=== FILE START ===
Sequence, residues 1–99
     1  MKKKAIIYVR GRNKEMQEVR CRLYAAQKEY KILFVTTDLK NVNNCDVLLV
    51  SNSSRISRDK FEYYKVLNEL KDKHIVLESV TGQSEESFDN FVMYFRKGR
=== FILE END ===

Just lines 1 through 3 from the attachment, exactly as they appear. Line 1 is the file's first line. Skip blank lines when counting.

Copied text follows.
Sequence, residues 1–99
     1  MKKKAIIYVR GRNKEMQEVR CRLYAAQKEY KILFVTTDLK NVNNCDVLLV
    51  SNSSRISRDK FEYYKVLNEL KDKHIVLESV TGQSEESFDN FVMYFRKGR